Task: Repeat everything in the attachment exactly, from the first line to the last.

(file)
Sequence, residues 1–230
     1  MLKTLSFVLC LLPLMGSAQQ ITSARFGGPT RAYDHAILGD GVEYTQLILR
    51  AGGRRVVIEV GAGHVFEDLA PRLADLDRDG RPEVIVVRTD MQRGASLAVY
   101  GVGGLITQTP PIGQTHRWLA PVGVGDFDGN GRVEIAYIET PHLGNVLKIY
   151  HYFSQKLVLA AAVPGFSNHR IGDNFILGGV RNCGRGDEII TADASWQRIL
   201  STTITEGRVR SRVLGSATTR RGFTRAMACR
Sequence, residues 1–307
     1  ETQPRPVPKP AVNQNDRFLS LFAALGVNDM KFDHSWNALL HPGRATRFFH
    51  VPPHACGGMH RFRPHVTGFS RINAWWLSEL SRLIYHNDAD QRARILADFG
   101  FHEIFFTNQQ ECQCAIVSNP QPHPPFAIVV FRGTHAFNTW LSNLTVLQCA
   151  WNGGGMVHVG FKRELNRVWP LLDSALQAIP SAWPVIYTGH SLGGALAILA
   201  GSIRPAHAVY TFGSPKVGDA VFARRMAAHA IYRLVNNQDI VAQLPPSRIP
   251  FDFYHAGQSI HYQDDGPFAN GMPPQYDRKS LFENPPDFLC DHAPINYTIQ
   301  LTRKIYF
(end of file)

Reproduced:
Sequence, residues 1–230
     1  MLKTLSFVLC LLPLMGSAQQ ITSARFGGPT RAYDHAILGD GVEYTQLILR
    51  AGGRRVVIEV GAGHVFEDLA PRLADLDRDG RPEVIVVRTD MQRGASLAVY
   101  GVGGLITQTP PIGQTHRWLA PVGVGDFDGN GRVEIAYIET PHLGNVLKIY
   151  HYFSQKLVLA AAVPGFSNHR IGDNFILGGV RNCGRGDEII TADASWQRIL
   201  STTITEGRVR SRVLGSATTR RGFTRAMACR
Sequence, residues 1–307
     1  ETQPRPVPKP AVNQNDRFLS LFAALGVNDM KFDHSWNALL HPGRATRFFH
    51  VPPHACGGMH RFRPHVTGFS RINAWWLSEL SRLIYHNDAD QRARILADFG
   101  FHEIFFTNQQ ECQCAIVSNP QPHPPFAIVV FRGTHAFNTW LSNLTVLQCA
   151  WNGGGMVHVG FKRELNRVWP LLDSALQAIP SAWPVIYTGH SLGGALAILA
   201  GSIRPAHAVY TFGSPKVGDA VFARRMAAHA IYRLVNNQDI VAQLPPSRIP
   251  FDFYHAGQSI HYQDDGPFAN GMPPQYDRKS LFENPPDFLC DHAPINYTIQ
   301  LTRKIYF